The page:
...The owl's reputation may be beyond salvation. Who gets up early? Farmers, bakers, doctors. Who stays up late? Muggers, streetwalkers, cat burglars. It's assumed that if you're sneaking around after midnight, you must have something to hide. Night is the time of goblins, ghouls, vampires, zombies, witches, warlocks, demons, wraiths, fiends, banshees, poltergeists, werefolk, bogeymen, and things that go bump…With such a powerful pro-lark tradition arrayed against us, must we owls be forever condemned to the infernal regions- which, despite their inextinguishable flames, are always described as dark?...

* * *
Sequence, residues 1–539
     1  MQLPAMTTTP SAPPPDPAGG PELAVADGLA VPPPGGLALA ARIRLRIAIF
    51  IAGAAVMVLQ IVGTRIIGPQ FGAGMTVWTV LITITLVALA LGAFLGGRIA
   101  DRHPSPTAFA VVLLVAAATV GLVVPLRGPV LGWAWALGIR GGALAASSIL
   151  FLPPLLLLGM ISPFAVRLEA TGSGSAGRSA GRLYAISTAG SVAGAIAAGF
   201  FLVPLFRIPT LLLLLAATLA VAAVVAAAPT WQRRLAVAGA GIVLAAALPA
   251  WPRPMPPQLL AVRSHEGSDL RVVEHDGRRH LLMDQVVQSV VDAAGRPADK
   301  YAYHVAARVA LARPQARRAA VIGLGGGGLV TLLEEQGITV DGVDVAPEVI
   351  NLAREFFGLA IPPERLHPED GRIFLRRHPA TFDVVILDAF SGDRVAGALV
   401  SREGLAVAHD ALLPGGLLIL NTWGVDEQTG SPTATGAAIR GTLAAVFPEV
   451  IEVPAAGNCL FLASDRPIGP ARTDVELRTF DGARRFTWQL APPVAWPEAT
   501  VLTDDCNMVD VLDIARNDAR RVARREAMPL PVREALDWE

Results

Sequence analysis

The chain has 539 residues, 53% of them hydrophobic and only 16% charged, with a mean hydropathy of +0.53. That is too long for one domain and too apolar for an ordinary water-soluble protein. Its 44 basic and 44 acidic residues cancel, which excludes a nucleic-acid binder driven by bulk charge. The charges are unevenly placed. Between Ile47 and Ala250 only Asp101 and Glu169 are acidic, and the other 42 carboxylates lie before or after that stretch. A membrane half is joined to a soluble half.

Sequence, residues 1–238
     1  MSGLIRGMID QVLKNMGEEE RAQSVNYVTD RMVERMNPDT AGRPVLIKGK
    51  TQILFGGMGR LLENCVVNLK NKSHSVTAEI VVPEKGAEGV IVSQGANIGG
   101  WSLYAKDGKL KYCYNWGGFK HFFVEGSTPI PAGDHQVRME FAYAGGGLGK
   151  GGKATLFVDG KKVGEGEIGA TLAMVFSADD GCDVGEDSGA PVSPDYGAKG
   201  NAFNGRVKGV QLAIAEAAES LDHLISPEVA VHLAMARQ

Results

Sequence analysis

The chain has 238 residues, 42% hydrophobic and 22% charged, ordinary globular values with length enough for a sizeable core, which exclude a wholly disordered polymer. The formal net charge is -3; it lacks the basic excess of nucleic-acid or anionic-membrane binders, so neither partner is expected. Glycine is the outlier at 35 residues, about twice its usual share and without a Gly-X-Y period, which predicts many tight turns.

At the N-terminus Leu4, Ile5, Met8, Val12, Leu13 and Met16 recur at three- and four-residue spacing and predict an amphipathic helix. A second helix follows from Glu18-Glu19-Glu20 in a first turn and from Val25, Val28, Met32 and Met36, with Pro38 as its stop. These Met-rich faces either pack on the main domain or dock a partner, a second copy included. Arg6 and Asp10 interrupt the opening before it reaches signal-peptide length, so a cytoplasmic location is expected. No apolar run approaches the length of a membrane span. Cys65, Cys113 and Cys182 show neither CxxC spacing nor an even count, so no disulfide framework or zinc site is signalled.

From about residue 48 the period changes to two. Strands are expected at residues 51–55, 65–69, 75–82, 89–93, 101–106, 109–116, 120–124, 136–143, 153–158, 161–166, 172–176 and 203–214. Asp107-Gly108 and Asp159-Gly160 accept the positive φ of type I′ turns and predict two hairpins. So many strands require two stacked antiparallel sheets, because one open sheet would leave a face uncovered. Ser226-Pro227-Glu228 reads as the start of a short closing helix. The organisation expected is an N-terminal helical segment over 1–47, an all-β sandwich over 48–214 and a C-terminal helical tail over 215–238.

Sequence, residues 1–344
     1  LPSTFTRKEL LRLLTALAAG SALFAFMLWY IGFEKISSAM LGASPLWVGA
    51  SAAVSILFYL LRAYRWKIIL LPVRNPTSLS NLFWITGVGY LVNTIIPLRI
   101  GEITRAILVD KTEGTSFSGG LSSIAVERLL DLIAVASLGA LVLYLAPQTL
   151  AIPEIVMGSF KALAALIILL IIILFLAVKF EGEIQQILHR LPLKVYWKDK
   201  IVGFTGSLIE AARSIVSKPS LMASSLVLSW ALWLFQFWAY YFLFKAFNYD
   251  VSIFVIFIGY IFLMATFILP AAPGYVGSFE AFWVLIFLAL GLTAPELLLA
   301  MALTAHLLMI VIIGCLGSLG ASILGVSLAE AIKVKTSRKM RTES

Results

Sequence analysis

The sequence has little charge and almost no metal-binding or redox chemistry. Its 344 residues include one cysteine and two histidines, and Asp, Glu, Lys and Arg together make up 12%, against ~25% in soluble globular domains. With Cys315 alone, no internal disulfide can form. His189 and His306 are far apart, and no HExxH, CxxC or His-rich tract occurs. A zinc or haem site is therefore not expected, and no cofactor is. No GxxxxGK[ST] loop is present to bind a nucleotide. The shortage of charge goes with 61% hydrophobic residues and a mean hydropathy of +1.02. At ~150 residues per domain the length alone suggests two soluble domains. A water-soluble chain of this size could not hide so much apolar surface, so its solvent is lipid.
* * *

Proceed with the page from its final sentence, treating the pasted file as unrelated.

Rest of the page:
American essayist and editor. Born in New York City, Fadiman attended Harvard University and graduated from Radcliffe College in 1975. She worked as an editor for Life and the American Scholar, and was founding editor of the magazine Civilization, a publication of the Library of Congress; she has been a frequent contributor to magazines such as Harper's and the New Yorker. Her first book, The Spirit Catches You and You Fall Down (1997), about a family of Hmong refugees, won a National Book Critics Circle Award. Her second, Ex Libris: Confessions of a Common Reader (1998), is a collection of essays about Fadiman's love of literature and language. Her most recent collection is At Large and At Small (2007). Fadiman currently teaches nonfiction writing at Yale University. See also barclayagency.com.